We evaluate Georgian reality, not on its own terms, but on our terms.  It is framed by our concerns over energy transit, political instability, illegal migration, the promotion of the liberal market, resistance to Russian imperialism, and democratic values, which we characterize in our own particular way as regular elections, the growth of civil society, and legal regularities. But are these the concerns of most Georgians? Are the realities Georgians see, the same as our own? There are more fundamental obstacles to personal liberty for Georgians than institutional or legal ones – such as the absence of money, obstacles to social and physical mobility, poor health, and corruption. These obstacles have dramatic consequences for democracy-living (something we do not experience as non-residents) as well as for democracy-building. Strangely, no doubt, to most Georgians, we separate political and human rights from socio-economic rights; but can Georgia’s citizens, living in the urban wastes of Tbilisi’s “projects,” or in the impoverished regions of Samegrelo or Inner Kartli, do the same? Amartya Sen reminds us in his book Development as Freedom, that poverty is not just about low income, it’s about what it creates - namely “social exclusion,” the loss of “self reliance, self confidence and psychological and physical health.”** These features weaken the quality of democracy we in the West claim we are establishing in Georgia. Similarly, we properly emphasize liberties (such as freedom of religion, the press, private property), whereas ordinary Georgians point to, just as importantly, issues of justice (the right to health care, to work, to protection from powerful interests).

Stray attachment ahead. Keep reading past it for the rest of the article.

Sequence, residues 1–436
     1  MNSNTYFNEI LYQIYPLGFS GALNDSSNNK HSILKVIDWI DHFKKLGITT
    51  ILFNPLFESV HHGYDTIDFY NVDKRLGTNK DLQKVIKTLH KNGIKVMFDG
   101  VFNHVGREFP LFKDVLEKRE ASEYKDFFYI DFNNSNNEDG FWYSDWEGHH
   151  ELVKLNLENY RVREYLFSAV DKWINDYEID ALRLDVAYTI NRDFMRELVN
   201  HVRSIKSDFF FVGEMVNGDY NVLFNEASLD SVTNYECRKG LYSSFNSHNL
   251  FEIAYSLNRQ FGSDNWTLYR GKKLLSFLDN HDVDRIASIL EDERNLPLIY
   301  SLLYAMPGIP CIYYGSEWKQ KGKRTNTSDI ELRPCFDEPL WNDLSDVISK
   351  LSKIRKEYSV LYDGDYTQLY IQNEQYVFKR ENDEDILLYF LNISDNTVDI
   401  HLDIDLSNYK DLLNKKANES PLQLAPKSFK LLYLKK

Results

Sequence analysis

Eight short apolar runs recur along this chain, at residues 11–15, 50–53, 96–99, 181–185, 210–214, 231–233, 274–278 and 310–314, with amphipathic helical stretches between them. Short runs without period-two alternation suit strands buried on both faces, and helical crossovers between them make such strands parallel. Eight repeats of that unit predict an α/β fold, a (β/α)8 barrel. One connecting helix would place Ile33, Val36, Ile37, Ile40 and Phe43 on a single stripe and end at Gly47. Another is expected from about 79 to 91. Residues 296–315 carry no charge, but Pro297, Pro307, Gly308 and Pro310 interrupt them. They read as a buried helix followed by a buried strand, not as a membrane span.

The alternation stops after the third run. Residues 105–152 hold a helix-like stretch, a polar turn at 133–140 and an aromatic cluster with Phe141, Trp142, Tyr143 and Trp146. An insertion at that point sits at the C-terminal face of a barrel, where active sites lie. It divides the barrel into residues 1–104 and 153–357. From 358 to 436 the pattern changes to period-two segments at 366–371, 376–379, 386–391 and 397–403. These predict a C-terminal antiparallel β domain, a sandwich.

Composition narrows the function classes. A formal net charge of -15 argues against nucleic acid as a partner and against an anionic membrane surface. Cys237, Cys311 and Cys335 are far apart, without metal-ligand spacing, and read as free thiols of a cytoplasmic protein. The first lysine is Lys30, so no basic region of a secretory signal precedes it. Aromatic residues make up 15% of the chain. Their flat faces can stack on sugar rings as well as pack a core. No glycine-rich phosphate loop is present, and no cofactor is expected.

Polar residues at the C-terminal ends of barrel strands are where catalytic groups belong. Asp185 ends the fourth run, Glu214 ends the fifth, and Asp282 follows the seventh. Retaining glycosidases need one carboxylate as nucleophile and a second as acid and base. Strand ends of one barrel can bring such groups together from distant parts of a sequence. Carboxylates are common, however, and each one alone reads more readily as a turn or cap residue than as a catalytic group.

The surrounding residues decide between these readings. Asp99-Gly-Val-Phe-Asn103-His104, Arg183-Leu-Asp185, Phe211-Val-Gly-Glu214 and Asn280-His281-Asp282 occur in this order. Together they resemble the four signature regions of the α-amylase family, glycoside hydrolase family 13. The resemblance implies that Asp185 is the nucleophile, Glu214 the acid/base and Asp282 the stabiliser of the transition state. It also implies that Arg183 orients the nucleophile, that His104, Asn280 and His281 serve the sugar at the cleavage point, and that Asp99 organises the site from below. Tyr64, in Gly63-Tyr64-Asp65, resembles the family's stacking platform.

Two interconnected questions follow from this: what are the sources of these differences and what impact do they have on Georgian political and economic development?  Broadly (and it is hard to avoid some abstraction here), Western approaches to Georgia are framed by an emphasis on leaders. Georgians look for saviors who will bring stability and security; we look to leaders who will bring Western-type reform. The two may be contradictory. We measure success by the legislative and legal change brought about by political elites, even if it leads to intensified economic insecurity for the majority of the country’s citizens.   The last two presidential regimes, in particular, have led to what (à la Trotsky), we might call a “scissors crisis.”  The more Western leaders support a Georgian President, the more disillusioned Georgians become; Western leaders will insist the President is good for Georgians’ eventual salvation, while Georgians will highlight the corrupt decline of the President and his regime. Western politicians and pundits, looking through the glass darkly, remain invested in leaders who have long lost – and for good reason - the support of their citizenry.